“A lot of Asian students who are very qualified tend to do a lot of the same things,” Chan said. “A lot of them are in the orchestra, a lot of them take AP Chem, a lot of them take AP Physics.”
And a huge number of these students are vying for the same spots at top universities. “There’s definitely no short supply of very talented Asian-American students applying to schools like Penn,” Chan said.
But Chan does not believe that suing universities is the answer. “We don’t think it’s something worth going to court over,” he said. “They expect more from us, but we just have to give them more.”
Engineering sophomore Katie Wu, who attended an international high school in Shanghai, said she did not feel that she faced personal discrimination because of her race. But she believes that discrimination does occur on some level for Asian students applying from inside the United States.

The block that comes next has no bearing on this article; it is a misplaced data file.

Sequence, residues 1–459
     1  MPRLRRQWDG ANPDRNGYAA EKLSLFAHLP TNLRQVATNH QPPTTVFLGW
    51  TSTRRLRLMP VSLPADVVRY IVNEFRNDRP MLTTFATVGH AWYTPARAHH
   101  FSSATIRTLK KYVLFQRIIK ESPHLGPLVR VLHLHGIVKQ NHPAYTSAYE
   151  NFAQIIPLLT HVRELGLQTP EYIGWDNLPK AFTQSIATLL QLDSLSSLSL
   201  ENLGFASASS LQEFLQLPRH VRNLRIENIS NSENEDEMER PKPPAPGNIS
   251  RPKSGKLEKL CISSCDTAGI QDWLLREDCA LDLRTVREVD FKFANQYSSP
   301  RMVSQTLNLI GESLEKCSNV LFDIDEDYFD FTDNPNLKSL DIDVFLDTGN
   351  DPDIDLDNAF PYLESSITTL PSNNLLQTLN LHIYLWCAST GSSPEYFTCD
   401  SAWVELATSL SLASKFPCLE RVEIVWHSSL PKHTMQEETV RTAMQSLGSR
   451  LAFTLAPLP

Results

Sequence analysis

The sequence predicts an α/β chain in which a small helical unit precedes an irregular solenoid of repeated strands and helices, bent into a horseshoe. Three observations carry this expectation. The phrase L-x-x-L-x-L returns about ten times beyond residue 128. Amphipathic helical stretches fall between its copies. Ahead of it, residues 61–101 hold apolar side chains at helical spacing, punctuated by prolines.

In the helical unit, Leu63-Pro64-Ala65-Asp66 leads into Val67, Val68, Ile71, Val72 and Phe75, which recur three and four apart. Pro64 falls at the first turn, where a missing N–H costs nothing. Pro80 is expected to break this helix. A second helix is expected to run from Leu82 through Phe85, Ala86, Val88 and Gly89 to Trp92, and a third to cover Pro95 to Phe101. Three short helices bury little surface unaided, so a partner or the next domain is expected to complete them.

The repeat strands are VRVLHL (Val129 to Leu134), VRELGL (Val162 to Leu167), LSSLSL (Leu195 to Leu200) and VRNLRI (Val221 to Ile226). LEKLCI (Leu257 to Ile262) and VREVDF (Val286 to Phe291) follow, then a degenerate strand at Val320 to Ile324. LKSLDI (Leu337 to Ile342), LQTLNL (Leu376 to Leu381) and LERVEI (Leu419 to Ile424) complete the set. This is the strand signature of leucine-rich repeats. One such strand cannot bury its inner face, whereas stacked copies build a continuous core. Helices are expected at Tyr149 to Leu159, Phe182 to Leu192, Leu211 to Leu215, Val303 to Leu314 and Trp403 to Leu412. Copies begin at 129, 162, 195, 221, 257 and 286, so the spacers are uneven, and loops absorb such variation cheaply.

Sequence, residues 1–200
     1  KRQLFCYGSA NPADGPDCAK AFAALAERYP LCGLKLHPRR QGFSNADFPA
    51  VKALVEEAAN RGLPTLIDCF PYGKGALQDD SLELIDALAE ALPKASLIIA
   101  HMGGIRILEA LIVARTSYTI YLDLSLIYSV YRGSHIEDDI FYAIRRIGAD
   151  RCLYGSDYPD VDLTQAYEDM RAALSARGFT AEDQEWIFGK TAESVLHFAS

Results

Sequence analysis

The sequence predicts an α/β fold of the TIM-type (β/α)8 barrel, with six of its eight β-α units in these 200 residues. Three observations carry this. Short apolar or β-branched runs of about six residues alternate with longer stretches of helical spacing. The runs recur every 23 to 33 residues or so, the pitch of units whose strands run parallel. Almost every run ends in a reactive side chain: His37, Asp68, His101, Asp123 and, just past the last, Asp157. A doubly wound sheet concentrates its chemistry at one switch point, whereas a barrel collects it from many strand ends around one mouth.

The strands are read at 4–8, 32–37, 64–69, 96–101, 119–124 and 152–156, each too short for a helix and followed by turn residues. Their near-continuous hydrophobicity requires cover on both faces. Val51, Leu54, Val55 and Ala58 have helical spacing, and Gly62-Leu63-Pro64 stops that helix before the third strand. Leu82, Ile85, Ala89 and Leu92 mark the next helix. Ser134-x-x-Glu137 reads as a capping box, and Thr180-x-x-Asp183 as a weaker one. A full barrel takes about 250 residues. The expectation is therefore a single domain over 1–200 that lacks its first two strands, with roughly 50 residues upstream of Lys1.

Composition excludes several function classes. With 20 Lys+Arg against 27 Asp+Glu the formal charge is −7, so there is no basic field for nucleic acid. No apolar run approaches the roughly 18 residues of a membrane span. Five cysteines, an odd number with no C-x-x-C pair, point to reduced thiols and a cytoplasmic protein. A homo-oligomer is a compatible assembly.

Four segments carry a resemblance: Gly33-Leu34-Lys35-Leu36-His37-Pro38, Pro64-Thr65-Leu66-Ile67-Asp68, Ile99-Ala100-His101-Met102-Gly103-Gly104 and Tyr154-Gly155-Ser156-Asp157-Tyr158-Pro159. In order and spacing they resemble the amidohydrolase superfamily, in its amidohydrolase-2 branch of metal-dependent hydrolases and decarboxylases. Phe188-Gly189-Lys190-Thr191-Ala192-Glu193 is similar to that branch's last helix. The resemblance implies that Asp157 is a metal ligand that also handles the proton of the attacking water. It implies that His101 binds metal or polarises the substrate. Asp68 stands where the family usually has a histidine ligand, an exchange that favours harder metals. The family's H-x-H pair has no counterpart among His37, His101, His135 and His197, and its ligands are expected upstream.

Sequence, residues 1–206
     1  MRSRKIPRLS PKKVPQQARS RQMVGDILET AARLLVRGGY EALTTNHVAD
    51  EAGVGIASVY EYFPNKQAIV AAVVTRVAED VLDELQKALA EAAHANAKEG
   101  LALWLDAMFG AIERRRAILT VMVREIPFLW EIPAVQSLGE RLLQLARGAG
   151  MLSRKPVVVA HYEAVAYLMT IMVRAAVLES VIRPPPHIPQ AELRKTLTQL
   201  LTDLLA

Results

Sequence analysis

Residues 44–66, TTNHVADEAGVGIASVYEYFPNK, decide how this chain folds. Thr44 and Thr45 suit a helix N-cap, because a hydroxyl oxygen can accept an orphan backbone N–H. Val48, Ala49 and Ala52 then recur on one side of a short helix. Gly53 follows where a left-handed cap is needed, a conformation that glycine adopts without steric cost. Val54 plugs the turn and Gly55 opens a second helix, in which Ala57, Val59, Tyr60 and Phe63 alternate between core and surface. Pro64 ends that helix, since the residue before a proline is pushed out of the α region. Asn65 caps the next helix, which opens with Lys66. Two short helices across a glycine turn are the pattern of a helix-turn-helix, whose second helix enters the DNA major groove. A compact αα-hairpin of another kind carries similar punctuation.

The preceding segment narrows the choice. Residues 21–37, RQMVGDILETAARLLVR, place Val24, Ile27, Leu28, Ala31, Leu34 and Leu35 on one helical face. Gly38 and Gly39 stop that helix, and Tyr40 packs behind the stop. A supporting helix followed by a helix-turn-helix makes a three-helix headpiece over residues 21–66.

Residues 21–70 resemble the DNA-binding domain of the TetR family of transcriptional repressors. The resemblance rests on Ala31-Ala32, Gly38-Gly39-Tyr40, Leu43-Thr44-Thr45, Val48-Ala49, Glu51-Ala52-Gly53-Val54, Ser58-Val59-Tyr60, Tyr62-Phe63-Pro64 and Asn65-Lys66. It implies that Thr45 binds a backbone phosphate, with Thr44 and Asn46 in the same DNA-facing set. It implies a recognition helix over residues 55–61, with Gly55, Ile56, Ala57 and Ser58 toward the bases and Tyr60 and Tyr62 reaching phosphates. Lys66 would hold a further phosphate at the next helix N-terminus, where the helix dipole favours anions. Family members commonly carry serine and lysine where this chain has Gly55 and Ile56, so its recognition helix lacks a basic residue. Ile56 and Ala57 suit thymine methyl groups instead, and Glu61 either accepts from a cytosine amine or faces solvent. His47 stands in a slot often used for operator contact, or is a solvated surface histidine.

“There’s a ton of really qualified [Asian] students who apply to Penn from local schools and who don’t get in,” she said. “I think it’s important to investigate whether it is because of race that they were rejected.”
In general, Wu feels discrimination against Asians is an issue, even after being accepted to college.
“I haven’t felt it actively, but it’s definitely there,” she said. “At least there’s a need for us to prove ourselves.”
Wu believes that these policies may be here to stay. “I don’t know where it’s going to go. I don’t think the admissions process is going to change very much,” she said. “It’s worth it to investigate and know that these biases and discriminations exist.”Comments powered by Disqus